It also has some applications in geology; its importance in dating organic materials cannot be underestimated enough.
In 1979, Desmond Clark said of the method “we would still be foundering in a sea of imprecisions sometime bred of inspired guesswork but more often of imaginative speculation” (3).
The other two isotopes in comparison are more common than carbon-14 in the atmosphere but increase with the burning of fossil fuels making them less reliable for study (2); carbon-14 also increases, but its relative rarity means its increase is negligible. After this point, other Absolute Dating methods may be used.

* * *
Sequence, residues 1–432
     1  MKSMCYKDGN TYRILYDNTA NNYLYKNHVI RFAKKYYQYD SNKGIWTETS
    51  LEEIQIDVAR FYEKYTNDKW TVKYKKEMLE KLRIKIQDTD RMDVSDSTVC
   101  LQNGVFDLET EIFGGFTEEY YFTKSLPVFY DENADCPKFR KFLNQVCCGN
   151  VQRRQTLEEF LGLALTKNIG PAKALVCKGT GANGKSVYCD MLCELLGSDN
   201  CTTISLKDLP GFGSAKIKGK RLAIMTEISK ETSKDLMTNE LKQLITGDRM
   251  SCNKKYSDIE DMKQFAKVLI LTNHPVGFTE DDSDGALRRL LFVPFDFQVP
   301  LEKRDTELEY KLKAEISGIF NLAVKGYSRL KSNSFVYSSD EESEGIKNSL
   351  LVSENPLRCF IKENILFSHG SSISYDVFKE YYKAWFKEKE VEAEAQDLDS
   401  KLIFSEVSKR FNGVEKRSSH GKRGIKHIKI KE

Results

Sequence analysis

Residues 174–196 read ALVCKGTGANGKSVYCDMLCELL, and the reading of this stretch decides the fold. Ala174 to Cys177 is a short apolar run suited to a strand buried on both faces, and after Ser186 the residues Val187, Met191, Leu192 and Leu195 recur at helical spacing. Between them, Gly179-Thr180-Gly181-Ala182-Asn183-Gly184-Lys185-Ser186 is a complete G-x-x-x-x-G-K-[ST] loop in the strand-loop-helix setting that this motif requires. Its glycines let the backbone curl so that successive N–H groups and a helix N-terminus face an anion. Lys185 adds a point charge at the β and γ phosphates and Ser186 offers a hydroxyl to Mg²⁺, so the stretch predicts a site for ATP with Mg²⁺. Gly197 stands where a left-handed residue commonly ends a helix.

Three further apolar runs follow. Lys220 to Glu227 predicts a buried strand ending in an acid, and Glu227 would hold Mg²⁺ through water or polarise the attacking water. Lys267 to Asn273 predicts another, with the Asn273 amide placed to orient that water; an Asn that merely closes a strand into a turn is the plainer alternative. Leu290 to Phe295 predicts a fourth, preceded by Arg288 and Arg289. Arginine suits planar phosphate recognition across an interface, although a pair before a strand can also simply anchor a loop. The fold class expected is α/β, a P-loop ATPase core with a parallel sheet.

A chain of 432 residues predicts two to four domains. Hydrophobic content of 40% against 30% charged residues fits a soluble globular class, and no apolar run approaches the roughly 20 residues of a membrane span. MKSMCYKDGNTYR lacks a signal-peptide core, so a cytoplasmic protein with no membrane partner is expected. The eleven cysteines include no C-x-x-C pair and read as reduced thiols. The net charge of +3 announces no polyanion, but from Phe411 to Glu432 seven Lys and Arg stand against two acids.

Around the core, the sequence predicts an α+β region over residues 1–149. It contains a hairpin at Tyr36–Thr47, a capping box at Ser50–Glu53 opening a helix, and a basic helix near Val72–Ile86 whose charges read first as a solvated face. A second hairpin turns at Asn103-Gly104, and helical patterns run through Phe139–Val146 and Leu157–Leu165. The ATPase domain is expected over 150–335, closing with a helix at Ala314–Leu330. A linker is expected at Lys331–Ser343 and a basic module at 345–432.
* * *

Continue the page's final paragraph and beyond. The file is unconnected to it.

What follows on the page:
Today, the radiocarbon-14 dating method is used extensively in environmental sciences and in human sciences such as archaeology and anthropology.
Typically (6): The above list is not exhaustive; most organic material is suitable so long as it is of sufficient age and has not mineralised - dinosaur bones are out as they no longer have any carbon left.
The sample passes through several accelerators in order to remove as many atoms as possible until the C pass into the detector.
These latter atoms are used as part of the calibration process to measure the relative number of isotopes (9).
AMS counts the quantity of C isotope is constantly formed in the upper atmosphere thanks to the effects of cosmic rays on nitrogen-14 atoms.
It is oxidised quickly and absorbed in great quantities by all living organisms - animal and plant, land and ocean dwelling alike.